A new study says that it's not unusual for teenagers to follow fads they see on TV, but a new trend is taking this phenomenon a bit too far.
Some reality TV shows tout happiness as just a nip/tuck away - and teens fond of these kinds of programs are more likely to join the millions who go under the knife each year, says Charlotte Markey, a Rutgers-Camden psychologist.
The study found that women are more likely to go under the knife than men and those who watched such shows, more so.
"There is lots of pressure to look a certain way and I don't blame them for succumbing; we're all guilty of feeling vulnerable.
"But what young men and women think of their bodies now will culminate over time and contribute to their overall health," said Markey.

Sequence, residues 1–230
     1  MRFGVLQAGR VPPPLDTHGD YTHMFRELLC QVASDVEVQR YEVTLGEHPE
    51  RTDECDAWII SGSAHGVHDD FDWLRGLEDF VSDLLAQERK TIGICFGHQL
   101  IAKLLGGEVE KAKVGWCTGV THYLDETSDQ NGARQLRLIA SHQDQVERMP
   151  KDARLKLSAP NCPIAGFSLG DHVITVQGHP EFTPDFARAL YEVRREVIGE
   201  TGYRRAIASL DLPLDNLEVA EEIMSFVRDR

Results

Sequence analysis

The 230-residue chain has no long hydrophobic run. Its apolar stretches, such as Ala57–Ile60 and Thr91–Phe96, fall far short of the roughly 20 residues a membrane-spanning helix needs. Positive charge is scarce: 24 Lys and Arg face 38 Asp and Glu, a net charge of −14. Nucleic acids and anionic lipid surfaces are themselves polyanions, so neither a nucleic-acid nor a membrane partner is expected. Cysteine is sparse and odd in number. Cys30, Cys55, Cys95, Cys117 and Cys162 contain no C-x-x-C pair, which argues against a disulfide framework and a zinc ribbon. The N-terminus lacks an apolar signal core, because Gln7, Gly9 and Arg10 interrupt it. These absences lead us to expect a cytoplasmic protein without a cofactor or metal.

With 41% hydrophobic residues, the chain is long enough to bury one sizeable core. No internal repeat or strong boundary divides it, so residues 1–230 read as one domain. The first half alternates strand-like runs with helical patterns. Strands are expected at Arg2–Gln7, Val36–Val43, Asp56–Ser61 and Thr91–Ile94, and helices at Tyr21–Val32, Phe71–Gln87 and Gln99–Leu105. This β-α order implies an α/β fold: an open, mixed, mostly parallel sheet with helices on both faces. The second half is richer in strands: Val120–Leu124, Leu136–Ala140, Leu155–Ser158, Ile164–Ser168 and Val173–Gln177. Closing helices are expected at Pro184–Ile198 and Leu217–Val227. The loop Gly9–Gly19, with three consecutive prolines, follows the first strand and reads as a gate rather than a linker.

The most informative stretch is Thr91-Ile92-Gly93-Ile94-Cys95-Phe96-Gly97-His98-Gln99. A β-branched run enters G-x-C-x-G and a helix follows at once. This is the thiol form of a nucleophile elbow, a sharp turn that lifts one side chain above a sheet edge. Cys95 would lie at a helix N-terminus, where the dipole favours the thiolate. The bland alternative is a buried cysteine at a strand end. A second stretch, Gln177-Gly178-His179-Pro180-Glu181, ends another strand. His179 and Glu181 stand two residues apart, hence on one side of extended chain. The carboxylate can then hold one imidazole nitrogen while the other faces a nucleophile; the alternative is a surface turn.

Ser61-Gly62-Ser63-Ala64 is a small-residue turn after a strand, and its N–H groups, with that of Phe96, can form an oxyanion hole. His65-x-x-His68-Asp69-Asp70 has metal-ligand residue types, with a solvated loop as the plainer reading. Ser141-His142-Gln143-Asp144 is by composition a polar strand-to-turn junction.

Markey points out that there's no conclusive data suggesting cosmetic surgery increases happiness.
"If plastic surgery makes you feel better about yourself, then why do you keep getting it done?" she asks.
"This mindset is very similar to that of an anorexic wanting to lose just five more pounds."
Markey concludes by saying that we need to teach children to be critical of the messages they're receiving and tell them positive things now to foster self-esteem.
The research is published in the academic journal Body Image.